By Cheryl Hill, Board Member, Trailkeepers of Oregon When winter snow has buried your favorite trails at high elevations, the Riverside National Recreation Trail #723 along the Clackamas River offers a great alternative. At 1,500 feet elevation, the…
Congratulations on the 2020 season! With challenges seemingly around every corner, it was certainly not an easy road, but we still accomplished some big things. I am so grateful for each and everyone of you who participated this year, either by signing up for a volunteer shift or by just staying in the loop by being on the email list.
We kicked off the season by collaborating on and premiering the first online Trail Ambassador Training. A big shout out to the volunteers who helped to design and give feedback on the training, and to those who contributed their voices. Thanks to the online training, we were able to overcome the ban on public gatherings and had over 30 volunteers gear up to be ambassadors, with about 50% of those folks being new to the program this year.
Even though the pandemic ultimately meant we were limited to only four open trailheads, those of you who went out had a big impact. Huge thank you to the volunteers who got out there and set up their physically distanced Ambassador stations in the face of uncertain trail openings, and an unprecedented amount of use on public lands this summer. You answered questions for over 200 hikers, helped to normalize mask wearing on the trail, and provided valuable on-the-ground feedback for land managers.
It’s been exciting to see so many of you get involved with the new On-trail Ambassador program that we recently debuted. By eliminating the need for public interaction, we hope this will provide an opportunity for more folks to be active in the program during what continues to be a challenging year. We decided to offer this volunteer opportunity year round, in the hopes that it will prove to be a useful feedback tool for land managers and a great way for you to stay active as an Ambassador through the rainy portion of the hiking season.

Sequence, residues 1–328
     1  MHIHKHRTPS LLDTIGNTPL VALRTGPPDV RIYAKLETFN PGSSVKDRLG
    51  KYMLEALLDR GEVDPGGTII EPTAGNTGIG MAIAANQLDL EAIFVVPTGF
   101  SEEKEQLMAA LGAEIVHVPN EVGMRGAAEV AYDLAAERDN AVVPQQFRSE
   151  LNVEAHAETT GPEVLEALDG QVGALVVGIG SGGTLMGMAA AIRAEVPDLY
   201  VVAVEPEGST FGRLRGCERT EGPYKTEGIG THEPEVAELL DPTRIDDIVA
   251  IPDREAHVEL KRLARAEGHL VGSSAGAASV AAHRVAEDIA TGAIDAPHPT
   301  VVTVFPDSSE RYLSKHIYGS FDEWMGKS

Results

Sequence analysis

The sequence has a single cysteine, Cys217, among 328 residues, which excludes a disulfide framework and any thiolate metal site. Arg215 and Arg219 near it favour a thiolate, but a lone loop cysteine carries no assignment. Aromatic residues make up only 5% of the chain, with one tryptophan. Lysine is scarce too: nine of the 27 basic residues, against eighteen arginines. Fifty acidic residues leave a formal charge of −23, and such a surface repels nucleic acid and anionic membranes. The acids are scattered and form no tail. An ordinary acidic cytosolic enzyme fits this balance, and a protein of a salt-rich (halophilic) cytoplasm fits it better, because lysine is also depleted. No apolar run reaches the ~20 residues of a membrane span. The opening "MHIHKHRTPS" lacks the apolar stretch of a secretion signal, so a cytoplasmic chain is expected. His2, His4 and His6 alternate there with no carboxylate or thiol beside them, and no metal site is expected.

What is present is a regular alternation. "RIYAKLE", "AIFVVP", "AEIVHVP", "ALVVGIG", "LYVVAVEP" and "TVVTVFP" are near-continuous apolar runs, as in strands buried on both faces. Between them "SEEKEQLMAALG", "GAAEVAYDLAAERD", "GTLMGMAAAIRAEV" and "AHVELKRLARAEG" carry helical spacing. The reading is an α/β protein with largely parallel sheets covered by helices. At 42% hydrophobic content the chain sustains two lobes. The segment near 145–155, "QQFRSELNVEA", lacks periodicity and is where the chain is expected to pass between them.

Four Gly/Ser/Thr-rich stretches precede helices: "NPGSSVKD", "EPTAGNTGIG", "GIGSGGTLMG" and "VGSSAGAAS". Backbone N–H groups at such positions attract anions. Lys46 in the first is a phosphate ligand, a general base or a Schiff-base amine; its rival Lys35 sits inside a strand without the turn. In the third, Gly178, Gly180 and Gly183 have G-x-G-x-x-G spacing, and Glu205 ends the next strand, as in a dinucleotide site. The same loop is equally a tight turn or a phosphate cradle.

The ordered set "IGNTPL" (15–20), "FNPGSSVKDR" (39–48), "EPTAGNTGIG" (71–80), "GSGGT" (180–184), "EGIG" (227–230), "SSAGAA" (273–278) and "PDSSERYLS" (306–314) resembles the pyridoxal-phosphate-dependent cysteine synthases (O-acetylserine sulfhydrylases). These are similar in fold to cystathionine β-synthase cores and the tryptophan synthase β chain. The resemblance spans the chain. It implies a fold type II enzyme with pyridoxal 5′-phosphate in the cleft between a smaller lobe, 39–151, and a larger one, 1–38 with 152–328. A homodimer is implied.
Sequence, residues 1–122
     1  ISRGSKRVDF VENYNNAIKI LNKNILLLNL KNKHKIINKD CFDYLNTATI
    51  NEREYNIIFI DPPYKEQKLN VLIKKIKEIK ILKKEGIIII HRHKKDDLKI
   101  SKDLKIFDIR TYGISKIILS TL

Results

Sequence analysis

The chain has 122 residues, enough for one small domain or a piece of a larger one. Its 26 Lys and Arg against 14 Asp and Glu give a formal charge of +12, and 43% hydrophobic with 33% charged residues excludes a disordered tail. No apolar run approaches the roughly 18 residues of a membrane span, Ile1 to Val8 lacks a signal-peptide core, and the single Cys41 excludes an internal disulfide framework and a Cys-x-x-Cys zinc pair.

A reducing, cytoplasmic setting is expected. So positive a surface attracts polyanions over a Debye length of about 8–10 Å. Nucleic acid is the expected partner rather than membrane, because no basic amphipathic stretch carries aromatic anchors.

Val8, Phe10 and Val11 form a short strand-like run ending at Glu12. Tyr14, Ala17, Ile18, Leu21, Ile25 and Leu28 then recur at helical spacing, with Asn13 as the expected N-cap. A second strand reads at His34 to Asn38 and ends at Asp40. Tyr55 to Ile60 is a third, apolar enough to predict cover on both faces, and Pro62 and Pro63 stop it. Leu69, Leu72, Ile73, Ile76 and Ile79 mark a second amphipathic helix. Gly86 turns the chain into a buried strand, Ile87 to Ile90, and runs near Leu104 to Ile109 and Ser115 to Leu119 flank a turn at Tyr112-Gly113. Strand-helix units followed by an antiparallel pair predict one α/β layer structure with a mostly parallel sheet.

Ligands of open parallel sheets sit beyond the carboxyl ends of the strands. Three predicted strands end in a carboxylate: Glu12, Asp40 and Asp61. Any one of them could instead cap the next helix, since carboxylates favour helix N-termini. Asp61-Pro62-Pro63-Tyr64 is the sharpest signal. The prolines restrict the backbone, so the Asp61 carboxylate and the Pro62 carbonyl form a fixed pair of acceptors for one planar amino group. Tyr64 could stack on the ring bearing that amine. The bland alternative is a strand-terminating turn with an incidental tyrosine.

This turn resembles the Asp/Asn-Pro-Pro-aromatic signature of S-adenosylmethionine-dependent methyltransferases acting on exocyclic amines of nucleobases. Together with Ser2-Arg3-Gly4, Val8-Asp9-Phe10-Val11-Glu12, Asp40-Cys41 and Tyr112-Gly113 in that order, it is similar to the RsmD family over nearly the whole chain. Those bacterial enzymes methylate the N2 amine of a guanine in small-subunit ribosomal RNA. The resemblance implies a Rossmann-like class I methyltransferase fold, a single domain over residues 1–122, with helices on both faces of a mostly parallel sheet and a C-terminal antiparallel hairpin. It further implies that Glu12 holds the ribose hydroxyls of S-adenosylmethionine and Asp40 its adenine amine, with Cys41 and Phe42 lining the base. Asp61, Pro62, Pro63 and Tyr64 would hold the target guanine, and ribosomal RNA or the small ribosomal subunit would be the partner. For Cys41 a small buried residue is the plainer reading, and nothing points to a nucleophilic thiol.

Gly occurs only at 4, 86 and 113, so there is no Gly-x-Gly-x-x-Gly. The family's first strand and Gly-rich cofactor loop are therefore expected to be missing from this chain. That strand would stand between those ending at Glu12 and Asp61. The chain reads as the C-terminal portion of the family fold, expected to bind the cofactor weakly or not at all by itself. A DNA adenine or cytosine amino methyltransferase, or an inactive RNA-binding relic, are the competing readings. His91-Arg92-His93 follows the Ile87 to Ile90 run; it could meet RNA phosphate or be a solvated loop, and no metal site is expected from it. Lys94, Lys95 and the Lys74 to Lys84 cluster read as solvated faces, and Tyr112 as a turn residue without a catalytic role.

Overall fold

This year saw the Trail Ambassador program emerge as a network capable of innovation, flexibility and teamwork. We forged new relationships with our sister programs in Washington state, on the Oregon Coast, and with our friends in the River Ambassador program. Through this network of collaboration, volunteers were able to get out to trails and beaches on the North Coast, our volunteer training was able to be more inclusive, and we helped advise a fledgling Ambassador program near Seattle. We showed just how powerful the network model can be, and I can’t wait to see what we accomplish next year.
In a year where many things were uncertain, you kept the heart of this program beating. No matter what the next year brings, I look forward to continuing the good work of this program with a stellar group of volunteers, stakeholders and partners. Thank you for your dedication to the program and to Oregon’s trails.
Natalie Ferraro | Engagement Manager